Marking criteriaΒΆ

The following marking criteria should be sent to the students once all groups have been formed:

# 2 Page Paper

- **Summary**: Has a clear description of the high-level functionality and
  purpose of the software for a diverse, non-specialist audience been
  provided?  [10%]
- **A statement of need**: Do the authors clearly state what problems the
  software is designed to solve and who the target audience is?
- **State of the field**: Do the authors describe how this software compares
  to other commonly-used packages? [10%]
- **Quality of writing**: Is the paper well written (i.e., it does not
  require editing for structure, language, or writing quality)? [10%]
- **References**: Is the list of references complete, and is everything
  cited appropriately that should be cited (e.g., papers, datasets,
  software)? Do references in the text use the proper citation syntax? [10%]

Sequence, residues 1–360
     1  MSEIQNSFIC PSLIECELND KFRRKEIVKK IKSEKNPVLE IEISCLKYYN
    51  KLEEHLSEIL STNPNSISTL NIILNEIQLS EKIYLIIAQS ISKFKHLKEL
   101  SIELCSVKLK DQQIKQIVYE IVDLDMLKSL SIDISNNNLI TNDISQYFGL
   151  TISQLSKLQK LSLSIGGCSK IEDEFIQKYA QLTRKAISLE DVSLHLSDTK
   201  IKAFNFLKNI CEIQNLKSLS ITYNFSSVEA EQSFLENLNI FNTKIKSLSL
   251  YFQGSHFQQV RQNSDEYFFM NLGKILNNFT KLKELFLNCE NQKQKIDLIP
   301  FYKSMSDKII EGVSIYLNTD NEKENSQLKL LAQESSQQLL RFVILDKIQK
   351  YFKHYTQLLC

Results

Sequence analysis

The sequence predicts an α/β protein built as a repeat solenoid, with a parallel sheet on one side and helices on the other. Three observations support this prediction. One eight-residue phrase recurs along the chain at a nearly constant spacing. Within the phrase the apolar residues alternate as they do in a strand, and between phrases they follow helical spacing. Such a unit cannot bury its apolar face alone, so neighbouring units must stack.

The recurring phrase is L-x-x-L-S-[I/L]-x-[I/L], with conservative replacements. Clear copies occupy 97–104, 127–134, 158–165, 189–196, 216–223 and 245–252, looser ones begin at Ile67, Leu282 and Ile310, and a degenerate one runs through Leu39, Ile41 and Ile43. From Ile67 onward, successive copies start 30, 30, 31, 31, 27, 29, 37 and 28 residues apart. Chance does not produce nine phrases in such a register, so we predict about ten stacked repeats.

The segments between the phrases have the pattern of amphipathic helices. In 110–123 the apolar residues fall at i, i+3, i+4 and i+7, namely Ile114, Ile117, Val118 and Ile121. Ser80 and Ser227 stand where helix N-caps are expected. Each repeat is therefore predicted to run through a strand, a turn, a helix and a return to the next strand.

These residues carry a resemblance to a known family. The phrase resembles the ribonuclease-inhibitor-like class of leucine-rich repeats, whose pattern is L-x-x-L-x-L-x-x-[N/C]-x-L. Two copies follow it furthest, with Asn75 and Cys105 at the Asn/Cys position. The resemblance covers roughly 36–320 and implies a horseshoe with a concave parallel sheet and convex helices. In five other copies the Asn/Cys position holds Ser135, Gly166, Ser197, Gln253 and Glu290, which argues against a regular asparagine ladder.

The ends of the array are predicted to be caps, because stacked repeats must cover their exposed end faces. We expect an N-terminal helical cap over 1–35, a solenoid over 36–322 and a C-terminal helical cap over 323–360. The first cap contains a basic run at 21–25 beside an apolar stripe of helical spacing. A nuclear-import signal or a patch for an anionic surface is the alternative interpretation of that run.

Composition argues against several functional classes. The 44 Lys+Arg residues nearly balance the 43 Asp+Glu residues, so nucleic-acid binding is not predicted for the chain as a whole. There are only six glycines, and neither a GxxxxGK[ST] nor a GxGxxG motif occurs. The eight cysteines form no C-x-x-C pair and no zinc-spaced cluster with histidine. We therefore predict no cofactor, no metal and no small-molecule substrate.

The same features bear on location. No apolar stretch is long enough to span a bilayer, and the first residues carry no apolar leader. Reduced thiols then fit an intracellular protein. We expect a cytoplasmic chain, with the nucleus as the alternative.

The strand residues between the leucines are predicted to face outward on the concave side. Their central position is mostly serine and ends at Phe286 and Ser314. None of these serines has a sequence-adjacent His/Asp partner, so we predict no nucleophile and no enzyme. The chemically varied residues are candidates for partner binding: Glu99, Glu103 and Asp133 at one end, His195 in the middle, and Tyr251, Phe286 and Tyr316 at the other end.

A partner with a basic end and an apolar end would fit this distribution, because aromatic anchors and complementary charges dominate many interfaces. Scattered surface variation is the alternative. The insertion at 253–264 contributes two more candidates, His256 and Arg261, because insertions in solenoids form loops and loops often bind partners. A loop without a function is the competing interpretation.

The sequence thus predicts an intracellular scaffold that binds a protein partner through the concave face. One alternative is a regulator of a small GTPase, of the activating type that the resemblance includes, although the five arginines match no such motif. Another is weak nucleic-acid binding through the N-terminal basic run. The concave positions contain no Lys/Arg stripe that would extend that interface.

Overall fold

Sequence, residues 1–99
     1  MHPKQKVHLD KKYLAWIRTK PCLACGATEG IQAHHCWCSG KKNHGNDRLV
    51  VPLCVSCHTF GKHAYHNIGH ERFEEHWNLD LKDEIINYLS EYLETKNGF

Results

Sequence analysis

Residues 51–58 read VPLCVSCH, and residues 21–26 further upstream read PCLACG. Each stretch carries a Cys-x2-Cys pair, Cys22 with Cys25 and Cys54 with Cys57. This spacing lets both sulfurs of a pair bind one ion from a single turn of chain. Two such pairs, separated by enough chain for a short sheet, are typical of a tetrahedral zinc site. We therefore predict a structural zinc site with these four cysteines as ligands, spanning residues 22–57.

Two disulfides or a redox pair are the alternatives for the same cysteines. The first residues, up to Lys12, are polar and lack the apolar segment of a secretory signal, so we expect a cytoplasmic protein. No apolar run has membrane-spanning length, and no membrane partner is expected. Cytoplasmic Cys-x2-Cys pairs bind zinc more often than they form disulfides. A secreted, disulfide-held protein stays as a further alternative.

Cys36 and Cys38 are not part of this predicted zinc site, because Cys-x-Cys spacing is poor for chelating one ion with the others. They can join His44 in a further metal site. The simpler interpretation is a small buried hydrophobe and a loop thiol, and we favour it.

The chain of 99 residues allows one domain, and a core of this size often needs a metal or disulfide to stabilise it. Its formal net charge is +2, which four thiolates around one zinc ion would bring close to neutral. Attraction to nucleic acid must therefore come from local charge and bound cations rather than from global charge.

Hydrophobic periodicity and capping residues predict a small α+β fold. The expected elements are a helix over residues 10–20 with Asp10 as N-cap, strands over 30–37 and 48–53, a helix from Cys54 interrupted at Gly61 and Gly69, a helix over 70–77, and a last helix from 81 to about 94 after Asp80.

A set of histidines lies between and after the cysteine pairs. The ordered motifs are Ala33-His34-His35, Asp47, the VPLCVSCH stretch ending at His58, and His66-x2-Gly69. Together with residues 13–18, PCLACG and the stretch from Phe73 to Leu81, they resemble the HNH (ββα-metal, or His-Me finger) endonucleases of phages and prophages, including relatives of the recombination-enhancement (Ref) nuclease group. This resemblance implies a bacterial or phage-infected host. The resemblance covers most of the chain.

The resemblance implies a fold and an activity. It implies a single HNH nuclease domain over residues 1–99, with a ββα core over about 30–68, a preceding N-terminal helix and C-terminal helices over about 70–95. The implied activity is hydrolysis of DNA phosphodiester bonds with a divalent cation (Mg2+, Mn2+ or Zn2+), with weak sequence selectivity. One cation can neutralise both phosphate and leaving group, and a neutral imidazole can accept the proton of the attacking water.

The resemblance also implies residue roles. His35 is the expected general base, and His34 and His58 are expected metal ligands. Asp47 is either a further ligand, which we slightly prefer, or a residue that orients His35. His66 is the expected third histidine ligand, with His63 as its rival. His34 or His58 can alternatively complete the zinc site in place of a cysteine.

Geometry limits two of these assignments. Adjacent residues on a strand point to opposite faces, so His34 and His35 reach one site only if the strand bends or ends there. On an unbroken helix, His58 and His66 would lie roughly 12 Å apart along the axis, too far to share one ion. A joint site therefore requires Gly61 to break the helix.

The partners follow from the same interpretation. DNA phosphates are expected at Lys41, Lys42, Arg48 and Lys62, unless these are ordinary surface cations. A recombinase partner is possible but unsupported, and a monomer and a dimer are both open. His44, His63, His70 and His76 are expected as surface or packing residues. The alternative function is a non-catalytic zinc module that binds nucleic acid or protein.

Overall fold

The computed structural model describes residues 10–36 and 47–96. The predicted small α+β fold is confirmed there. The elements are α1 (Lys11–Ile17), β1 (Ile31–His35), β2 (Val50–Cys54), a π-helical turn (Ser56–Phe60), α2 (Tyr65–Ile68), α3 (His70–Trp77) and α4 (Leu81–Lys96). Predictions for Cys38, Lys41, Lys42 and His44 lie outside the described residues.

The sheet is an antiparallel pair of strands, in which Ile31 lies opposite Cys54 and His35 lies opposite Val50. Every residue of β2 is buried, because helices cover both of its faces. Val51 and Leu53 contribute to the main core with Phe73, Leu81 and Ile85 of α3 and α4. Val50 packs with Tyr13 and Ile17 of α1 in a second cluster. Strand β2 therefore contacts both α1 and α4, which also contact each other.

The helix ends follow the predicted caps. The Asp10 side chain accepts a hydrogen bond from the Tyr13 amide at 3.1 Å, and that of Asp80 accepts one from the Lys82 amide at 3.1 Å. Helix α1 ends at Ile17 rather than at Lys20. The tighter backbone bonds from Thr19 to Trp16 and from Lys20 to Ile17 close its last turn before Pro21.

# 15 Presentation

- **Functionality**: Have the functional claims of the software been
  confirmed? [10%]
- **Documentation**: Does the documentation have a Tutorial, How to section,
  Reference and Explanation section? Is it clear? Is the source code clear?
- **Modularity**: Is the code written in a modular way? [10%]
- **Testing**: Is all code tested? [10%]
- **Presentation**: Was the presentation format used appropriately? Were the
  visual aids appropriate? [10%]

Note that this marking criteria has some overlap with the review criteria
for the Journal of Open Source Software
<>. Some examples
of papers written for that journal that can be helpful are:

- Matching: A Python library for solving matching games <>
- Nashpy: A Python library for the computation of Nash equilibria <>

Examples of presentations are available at: